When the starter sends the Melbourne Cup field on its 3200 metre journey this afternoon about six million punters will be watching more in hope than anything else – and one non punter, John Winston Howard, will be breathing an audible of relief.
Less than two months ago the running of the Melbourne Cup was far from certain, as equine flu cut a swathe through the NSW and Queensland racing industries. A combination of good luck, and good management by Victorian authorities have delivered the Victorian racing industry the miracle it surely prayed for.
Equine flu broke out all along the NSW side of the border with Victoria – but with no reported outbreaks in Victoria, the Spring Racing carnival events at Caulfield, Moonee Valley and Flemington have gone ahead… with Sydney and Brisbane horses.
Flemington last Saturday drew another massive crowd, as it will today, and on Oaks Day this Thursday. But the success of the Melbourne spring racing carnival masks an industry in crisis, and apolitical nightmare that might yet visit on the Howard-Vaile Government before election day.
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Melbourne Cup Day is not just a big event in Melbourne – Cup Day race meetings are normally among the most successful, and profitable, for upwards of 50 race clubs right around the nation… especially in regional centres. In Sydney and Brisbane the crowds are usually the second biggest of the whole year.
But equine flu has forced the cancellation of the Sydney and Brisbane meetings – Brisbane will have camel racing instead – and probably around 30 meetings in provincial and country centres. Some will have “phantom” meetings but crowds will be down and the clubs will take a serious financial hit.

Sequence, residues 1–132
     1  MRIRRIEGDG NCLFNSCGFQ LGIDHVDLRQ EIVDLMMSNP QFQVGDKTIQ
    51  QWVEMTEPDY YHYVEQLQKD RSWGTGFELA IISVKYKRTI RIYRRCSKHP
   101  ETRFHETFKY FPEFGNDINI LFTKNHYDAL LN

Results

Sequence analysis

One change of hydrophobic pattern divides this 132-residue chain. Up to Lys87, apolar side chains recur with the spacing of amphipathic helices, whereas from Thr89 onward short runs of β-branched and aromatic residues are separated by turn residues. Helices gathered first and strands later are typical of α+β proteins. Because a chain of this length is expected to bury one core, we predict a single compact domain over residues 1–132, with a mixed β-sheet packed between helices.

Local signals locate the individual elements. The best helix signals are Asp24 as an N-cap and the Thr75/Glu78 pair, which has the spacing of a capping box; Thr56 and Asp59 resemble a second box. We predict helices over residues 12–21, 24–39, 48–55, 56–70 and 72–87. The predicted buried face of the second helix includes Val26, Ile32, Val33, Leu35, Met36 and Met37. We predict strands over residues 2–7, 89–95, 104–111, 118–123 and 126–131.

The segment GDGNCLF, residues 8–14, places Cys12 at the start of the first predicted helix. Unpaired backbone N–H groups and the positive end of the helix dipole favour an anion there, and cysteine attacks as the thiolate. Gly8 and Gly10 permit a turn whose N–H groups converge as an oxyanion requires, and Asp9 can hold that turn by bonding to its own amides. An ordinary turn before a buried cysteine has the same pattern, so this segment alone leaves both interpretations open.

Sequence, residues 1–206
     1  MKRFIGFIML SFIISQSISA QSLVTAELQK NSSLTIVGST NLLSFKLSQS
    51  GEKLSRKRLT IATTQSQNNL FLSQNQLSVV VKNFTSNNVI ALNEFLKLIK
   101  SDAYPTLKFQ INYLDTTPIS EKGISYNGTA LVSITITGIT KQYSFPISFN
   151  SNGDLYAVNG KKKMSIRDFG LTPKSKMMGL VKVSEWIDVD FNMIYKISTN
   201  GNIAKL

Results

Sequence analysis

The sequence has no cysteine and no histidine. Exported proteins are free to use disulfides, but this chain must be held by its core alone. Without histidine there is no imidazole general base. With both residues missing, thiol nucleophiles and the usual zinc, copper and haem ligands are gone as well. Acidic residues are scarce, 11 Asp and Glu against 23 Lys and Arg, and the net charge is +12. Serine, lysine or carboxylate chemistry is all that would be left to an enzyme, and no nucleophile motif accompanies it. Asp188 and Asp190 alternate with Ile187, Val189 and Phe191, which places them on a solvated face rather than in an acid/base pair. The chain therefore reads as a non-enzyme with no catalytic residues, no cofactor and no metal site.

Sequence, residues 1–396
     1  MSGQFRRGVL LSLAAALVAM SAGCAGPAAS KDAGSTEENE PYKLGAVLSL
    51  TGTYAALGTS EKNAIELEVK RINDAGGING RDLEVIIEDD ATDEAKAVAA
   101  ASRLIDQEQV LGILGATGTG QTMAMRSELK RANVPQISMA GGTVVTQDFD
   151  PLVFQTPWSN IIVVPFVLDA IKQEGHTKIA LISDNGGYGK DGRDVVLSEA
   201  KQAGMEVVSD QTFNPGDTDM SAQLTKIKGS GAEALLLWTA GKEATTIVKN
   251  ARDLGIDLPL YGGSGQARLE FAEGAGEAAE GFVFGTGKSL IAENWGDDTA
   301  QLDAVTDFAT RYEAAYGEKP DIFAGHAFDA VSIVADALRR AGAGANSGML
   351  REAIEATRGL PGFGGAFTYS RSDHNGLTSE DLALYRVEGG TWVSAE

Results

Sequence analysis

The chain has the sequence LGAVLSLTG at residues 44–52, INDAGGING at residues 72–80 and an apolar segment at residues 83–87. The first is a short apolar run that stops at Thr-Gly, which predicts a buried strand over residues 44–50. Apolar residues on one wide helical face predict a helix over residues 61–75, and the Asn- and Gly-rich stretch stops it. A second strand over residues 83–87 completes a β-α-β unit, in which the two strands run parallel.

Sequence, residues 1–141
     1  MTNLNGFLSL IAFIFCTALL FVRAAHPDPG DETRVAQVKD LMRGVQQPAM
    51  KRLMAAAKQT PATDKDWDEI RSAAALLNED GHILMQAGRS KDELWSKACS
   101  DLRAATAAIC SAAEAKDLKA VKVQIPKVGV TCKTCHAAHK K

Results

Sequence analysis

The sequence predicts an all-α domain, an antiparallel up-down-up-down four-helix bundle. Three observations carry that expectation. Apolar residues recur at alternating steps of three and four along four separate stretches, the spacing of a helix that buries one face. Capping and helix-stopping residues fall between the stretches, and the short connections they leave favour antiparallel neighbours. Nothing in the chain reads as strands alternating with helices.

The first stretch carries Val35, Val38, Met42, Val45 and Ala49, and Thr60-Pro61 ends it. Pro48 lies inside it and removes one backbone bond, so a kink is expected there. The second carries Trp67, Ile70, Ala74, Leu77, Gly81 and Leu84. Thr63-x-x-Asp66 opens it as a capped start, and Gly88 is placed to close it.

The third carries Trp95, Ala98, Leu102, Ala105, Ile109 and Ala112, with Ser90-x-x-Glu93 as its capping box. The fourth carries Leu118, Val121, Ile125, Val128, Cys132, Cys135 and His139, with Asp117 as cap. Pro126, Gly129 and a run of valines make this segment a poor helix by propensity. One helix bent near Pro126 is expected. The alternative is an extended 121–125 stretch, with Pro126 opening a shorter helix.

The carnival really ends this Saturday, and we can expect the focus to turn to the economic harm equine flu is causing the racing industry. Even Victoria is not exempt from the impact with TAB turnover in Victoria on the Caulfield Cup down a worrying 14 per cent – and an even more worrying 18 per cent in NSW.
Inevitably the racing industry will suffer from reduced TAB turnover as the industry is reliant on its share of the turnover of the TAB to fund prize money. Tabcorp might suffer a pre-tax profit drop of around $30 million because of the impact of the closure of the Sydney and Brisbane racing since August, and a massive scaling down of regional racing as well. Unitab will take a bit hit as well.
The government assistance packages cannot compensate owners, and breeders, who have missed out on millions of prize money. The industry’s biggest yearling sales – Gold Coast and Sydney – have had to be deferred, and hundreds of small business operators who supply the industry are doing it tough.
When the euphoria settles after the race that stops the nation, the “politics” of the equine flu will surely re-emerge.
Conveniently, the inquiry into the flu outbreak headed by Ian Callinan has been in recess why he had a European holiday. But that might not prevent serious questions about how equine flu was able to breach our supposed impenetrable quarantine controls becoming a political issue in the run up to the federal elections.
The fourth or fifth largest employer in Australia – the racing industry – is in dire straits. And politicians may yet pay a price for it.